A hitchhiker’s guide to the new molecular toolbox for ecologists
Full Citation: Chris L. Dupont, Dreux Chappell, Ramiro Logares, and Maria Vila-Costa. 2010. A hitchhiker's guide to the new molecular toolbox for ecologists, p. 17-29. In P.F. Kemp [ed.], Eco-DAS VIII Symposium Proceedings. ASLO. [doi:10.4319/ecodas.2010.978-0-9845591-1-4.17]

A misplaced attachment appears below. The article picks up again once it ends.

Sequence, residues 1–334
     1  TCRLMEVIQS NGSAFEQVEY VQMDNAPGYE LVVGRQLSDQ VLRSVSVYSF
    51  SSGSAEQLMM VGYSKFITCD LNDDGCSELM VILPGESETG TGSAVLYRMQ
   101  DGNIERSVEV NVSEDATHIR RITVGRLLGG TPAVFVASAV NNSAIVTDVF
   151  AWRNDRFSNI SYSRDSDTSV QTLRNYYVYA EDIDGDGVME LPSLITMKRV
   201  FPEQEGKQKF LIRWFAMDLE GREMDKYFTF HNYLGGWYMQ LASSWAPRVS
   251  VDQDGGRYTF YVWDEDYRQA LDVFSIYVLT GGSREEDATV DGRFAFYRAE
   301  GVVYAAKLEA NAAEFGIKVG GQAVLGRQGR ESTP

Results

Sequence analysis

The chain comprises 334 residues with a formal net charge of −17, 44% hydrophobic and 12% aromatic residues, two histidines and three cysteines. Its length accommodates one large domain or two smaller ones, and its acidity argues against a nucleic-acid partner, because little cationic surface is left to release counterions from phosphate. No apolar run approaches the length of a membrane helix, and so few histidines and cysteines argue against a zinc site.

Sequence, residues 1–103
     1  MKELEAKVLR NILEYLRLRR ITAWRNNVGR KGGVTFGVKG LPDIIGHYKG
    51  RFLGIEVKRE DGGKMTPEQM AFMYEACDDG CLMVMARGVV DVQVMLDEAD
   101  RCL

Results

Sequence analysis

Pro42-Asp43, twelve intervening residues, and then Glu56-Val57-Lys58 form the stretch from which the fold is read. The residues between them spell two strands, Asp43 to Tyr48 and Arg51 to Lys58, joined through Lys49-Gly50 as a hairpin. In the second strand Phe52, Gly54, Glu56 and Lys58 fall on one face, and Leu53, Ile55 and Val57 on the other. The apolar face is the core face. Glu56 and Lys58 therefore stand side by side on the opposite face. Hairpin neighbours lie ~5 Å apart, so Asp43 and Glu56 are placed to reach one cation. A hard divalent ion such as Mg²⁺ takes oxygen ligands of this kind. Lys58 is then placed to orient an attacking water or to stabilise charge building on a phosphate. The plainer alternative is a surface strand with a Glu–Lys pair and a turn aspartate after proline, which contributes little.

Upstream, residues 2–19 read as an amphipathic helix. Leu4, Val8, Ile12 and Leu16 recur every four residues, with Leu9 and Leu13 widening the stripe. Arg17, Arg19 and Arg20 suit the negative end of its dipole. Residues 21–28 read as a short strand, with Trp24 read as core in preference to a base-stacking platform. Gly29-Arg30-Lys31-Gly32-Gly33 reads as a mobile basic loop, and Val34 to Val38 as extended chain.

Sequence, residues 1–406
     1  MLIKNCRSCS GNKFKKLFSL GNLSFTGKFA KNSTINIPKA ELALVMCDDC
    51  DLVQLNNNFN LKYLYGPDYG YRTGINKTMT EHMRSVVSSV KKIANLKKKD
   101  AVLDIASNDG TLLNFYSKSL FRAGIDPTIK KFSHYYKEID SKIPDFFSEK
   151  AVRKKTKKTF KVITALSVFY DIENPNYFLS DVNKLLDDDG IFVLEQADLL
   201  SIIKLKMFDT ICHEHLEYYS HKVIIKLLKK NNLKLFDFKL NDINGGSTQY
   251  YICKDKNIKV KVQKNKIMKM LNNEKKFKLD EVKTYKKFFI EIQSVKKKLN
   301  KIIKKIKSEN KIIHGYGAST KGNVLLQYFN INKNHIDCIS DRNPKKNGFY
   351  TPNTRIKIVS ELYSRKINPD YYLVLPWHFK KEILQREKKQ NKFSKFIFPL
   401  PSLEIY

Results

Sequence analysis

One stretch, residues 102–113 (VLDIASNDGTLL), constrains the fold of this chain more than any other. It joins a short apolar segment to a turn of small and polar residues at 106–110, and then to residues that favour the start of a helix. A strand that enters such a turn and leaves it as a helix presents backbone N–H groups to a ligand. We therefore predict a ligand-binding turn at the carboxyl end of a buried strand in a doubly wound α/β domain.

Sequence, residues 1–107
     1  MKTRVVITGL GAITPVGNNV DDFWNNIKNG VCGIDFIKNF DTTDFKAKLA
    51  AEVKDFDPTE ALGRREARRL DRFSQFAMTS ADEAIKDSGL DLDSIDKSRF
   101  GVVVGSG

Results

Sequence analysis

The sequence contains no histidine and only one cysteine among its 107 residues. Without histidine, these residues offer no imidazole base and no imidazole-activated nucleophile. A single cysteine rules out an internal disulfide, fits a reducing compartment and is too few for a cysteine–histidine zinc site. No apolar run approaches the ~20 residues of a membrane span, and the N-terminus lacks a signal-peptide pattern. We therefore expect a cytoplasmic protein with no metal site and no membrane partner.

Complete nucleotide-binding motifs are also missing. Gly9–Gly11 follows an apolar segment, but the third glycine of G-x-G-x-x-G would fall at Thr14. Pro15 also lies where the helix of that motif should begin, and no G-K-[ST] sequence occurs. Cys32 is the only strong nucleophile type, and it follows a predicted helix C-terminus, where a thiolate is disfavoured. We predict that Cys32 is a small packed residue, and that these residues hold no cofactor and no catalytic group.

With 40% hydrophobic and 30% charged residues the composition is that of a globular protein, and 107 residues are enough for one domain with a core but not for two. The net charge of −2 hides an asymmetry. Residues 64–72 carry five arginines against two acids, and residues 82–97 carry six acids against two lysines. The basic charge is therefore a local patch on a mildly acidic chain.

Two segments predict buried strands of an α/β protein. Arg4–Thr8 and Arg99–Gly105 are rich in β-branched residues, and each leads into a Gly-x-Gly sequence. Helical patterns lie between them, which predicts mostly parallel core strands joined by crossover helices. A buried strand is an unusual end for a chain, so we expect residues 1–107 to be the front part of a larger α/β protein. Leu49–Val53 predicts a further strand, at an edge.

ABSTRACT: Thirty years ago, marine microbes were described by crude morphology and the ability to grow on different carbon sources. Our understanding of their ecological role in aquatic environments was murky at best. Since then, the development of new molecular methods facilitated by DNA sequencing resulted in a revolution in the field of microbial molecular ecology and evolution. Plummeting sequencing costs and the resulting massive flux of data introduced novel challenges to marine microbiologists, in particular, and the infrastructure of science in general. In a cycle of positive feedbacks, a wide array of novel molecular and bioinformatic tools have been developed, addressing these challenges and allowing microbiologists to investigate subjects that previously stymied the field. Additionally, these advances fostered new connections between previously disparate disciplines. Here we provide a summary of the challenges of the new molecular toolkit, a history of the molecular revolution in microbial ecology, and a glimpse into the future. Finally, for the interested hitchhikers, we present a theoretical approach to integrating the new molecular toolkit into any ecological research program.